FWP is happy to announce our investment in BlueNalu, a cell-based seafood company on a mission to revolutionize how humans consume seafood by producing seafood directly from cells. California-based BlueNalu is supported by a number of financial and strategic investors. Rage Capital led the round, and FWP co-invested alongside Agronomics, Lewis & Clark AgriFood, KBW Ventures, and Siddhi Capital, among others.
Currently, one of the largest transformational shifts is taking place in the way the world consumes animal-based protein. This food revolution has the potential to significantly disrupt the $1.4 trillion global meat, poultry, and seafood market. Cell-based, lab-grown, clean, or cultured meat is a technology that makes it possible to produce animal meat without requiring an animal.
The thought of meat grown in a lab seems unimaginable, however there are currently over 100 companies worldwide tirelessly working to get this “clean meat” on your plate — and investors have poured hundreds of millions of dollars to make it happen. Late last year, US-based Eat Just received regulatory approval to start selling its cell-cultured chicken bites in Singapore. This was a key milestone for the emerging industry, so expect many more to follow suit in 2021 and beyond.
Example of cell-based companies and product focus
Source: GFI custom Pitchbook analysis of cell-based meat companies
Before diving into BlueNalu and why FWP is so excited to be a part of the company’s journey, it is worth taking the time to explain exactly what cellular agriculture is, the paramount problem it solves from a meat and seafood perspective, why food poses one of the biggest threats to the planet, and why cellular agriculture can create a more sustainable food system.
In 1931 Winston Churchill wrote in an article titled ‘Fifty Years Hence’:
“[w]e shall escape the absurdity of growing a whole chicken in order to eat the breast or wing, by growing these parts separately under a suitable medium”. The future that Churchill envisioned almost a century ago has taken longer than anticipated, but is fast approaching.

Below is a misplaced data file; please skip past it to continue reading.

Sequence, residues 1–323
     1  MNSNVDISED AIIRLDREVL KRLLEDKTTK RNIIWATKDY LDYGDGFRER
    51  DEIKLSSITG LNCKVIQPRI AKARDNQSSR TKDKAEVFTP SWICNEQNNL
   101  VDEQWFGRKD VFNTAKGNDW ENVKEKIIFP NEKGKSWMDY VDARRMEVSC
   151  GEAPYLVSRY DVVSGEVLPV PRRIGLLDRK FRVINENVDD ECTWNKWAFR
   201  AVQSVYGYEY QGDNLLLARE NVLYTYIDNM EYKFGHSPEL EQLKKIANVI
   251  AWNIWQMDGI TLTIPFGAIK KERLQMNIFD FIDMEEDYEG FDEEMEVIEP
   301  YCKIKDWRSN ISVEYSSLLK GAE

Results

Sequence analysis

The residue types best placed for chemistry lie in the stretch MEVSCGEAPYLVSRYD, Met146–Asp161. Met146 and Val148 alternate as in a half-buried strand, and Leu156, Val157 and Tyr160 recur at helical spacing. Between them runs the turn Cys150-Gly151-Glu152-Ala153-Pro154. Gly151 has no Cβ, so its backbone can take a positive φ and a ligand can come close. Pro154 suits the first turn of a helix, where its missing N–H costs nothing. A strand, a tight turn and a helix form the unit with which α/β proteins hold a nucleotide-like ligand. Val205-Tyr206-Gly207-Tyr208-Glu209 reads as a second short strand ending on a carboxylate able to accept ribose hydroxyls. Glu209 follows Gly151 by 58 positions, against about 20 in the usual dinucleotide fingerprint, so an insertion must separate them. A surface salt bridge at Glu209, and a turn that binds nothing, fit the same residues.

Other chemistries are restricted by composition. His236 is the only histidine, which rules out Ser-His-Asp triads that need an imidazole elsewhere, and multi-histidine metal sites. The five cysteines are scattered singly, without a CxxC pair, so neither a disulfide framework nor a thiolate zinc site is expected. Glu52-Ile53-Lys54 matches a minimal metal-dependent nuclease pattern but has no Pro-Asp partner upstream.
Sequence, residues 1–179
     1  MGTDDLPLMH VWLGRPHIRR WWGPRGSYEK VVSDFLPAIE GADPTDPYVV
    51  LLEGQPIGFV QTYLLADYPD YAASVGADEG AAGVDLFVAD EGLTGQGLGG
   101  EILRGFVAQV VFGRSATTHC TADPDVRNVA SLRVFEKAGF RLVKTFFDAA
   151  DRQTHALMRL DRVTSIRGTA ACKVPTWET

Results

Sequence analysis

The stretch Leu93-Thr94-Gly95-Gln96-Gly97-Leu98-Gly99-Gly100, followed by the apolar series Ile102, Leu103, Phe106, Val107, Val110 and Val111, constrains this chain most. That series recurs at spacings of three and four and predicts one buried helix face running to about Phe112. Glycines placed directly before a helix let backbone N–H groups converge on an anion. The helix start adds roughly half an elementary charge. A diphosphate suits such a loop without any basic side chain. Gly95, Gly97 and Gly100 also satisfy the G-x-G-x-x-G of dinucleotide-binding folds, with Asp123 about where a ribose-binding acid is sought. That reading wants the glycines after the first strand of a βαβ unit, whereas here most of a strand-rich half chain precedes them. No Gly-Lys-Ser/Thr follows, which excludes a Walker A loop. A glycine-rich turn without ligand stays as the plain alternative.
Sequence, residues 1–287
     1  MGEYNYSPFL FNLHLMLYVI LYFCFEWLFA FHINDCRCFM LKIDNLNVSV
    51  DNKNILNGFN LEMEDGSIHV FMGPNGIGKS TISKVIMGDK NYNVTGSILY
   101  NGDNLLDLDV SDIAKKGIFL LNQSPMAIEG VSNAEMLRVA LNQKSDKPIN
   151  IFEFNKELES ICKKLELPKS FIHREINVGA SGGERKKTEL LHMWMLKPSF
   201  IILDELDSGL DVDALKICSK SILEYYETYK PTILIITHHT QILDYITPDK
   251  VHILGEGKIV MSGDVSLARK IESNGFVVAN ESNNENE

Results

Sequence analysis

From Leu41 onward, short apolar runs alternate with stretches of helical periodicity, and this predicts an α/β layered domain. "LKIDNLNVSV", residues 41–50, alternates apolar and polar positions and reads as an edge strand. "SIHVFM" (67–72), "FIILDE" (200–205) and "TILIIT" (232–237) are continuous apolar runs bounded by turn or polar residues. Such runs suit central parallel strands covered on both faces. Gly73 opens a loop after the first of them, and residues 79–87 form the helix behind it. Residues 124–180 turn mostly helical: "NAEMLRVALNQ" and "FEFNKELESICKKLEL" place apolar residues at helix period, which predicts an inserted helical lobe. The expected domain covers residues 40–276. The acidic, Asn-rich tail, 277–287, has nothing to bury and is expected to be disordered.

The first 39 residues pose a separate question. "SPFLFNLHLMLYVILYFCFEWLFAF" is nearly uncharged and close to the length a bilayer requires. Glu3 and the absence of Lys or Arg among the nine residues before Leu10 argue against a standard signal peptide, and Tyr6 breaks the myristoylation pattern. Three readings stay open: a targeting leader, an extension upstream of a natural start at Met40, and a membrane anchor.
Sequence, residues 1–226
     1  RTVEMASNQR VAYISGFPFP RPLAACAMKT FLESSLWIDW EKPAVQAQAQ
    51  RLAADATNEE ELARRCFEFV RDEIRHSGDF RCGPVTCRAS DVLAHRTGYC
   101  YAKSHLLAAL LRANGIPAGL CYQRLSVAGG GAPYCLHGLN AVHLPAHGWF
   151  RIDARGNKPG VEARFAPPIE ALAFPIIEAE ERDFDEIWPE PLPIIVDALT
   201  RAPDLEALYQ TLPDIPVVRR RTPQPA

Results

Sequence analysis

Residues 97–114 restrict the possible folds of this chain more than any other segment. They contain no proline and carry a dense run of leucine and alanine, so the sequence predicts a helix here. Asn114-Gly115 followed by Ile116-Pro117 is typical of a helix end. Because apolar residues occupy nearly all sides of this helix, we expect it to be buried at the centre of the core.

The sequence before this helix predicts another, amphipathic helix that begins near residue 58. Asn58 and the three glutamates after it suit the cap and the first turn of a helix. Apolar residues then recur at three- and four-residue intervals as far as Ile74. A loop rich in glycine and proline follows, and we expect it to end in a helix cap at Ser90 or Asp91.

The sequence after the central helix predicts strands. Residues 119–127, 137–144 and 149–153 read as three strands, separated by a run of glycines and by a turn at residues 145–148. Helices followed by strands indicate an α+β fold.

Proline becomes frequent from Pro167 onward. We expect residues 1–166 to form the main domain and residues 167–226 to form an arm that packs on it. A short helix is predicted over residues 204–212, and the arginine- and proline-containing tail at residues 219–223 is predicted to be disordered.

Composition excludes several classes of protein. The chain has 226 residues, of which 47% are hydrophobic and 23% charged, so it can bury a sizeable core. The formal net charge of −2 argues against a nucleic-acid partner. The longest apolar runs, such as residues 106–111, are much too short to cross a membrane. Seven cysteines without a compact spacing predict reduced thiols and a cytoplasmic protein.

The technology that underpins this concept is cellular agriculture, and to be more specific — cell culture. Cell culture ultimately provides a far more efficient and sustainable way to produce meat. Instead of having to raise a cow from birth and sending it to a slaughterhouse, lab-grown meat is created by taking the cells from an animal and growing them outside of the animal’s body — i.e. in vitro.
Not only is the finished product the same in terms of sensory and nutritional profile as conventional meat, but it is also able to preclude animal-borne illnesses and the bacteria people eat in meat today, which are a by-product of the unnatural practices used in industrial agriculture. In a 2017 Science article, MIT PhD Giorgia Guglielmi indicated that, “almost 80% of all antibiotics in the United States aren’t taken by people”, instead, “they’re given to cows, pigs, and chickens to make them grow more quickly or as a cheap alternative to keeping them healthy”.
To paint a simplified version of how cell culture technology works, the process involves:
1. Taking cells from the animal of interest.
2. Isolating those cells.
3. Placing the cells in a bioreactor with a growth medium for the cells to multiply. Growth medium is a liquid containing all essential nutrients like carbohydrates, fats, amino acids, etc. — essentially think of it as the replacement for blood. As the growth media diffuses into the cell, the cell will grow and divide. The cell line will then proliferate and become meat.
4. Through various technologies, companies end up shaping an entire cut of meat or fish into their desired product.
Mission Barns, a leading cell-based company, depicts the cell culture process and juxtaposes it to the life of a conventional pig in the diagram below.
Source: Mission Barns website
At first thought, this process may seem like it belongs in a different galaxy, however many of the products you eat today leverage the same technology. As strange as it may sound, yogurt, kombucha, alcohol, and milk all follow a similar process. Although this is still classified under the ‘cellular agriculture’ bucket, this technology is referred to as ‘fermentation’ (or acellular agriculture), and is something humans have been using for thousands of years, primarily in the form of fermented beverages.